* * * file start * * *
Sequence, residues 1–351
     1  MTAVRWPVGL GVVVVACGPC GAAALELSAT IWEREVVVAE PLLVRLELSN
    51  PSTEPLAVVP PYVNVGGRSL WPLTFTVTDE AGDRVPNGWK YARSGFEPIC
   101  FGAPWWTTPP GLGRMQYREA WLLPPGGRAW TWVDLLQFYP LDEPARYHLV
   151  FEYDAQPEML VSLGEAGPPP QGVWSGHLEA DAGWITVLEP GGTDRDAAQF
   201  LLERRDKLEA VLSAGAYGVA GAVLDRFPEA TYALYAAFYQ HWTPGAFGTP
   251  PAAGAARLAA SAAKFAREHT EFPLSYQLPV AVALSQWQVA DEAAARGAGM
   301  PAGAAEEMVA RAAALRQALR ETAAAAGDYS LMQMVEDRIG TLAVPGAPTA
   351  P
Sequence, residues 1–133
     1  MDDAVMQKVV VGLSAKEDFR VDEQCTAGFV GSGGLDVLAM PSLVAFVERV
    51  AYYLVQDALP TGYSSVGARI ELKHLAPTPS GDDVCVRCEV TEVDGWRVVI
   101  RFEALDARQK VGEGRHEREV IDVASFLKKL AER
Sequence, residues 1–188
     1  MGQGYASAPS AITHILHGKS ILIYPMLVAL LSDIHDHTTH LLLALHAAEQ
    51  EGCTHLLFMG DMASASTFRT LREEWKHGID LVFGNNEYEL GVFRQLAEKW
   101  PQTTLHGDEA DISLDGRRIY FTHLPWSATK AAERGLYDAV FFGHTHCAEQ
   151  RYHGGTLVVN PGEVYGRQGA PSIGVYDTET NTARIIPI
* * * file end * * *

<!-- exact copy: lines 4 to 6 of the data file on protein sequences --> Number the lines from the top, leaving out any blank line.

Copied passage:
   101  FGAPWWTTPP GLGRMQYREA WLLPPGGRAW TWVDLLQFYP LDEPARYHLV
   151  FEYDAQPEML VSLGEAGPPP QGVWSGHLEA DAGWITVLEP GGTDRDAAQF
   201  LLERRDKLEA VLSAGAYGVA GAVLDRFPEA TYALYAAFYQ HWTPGAFGTP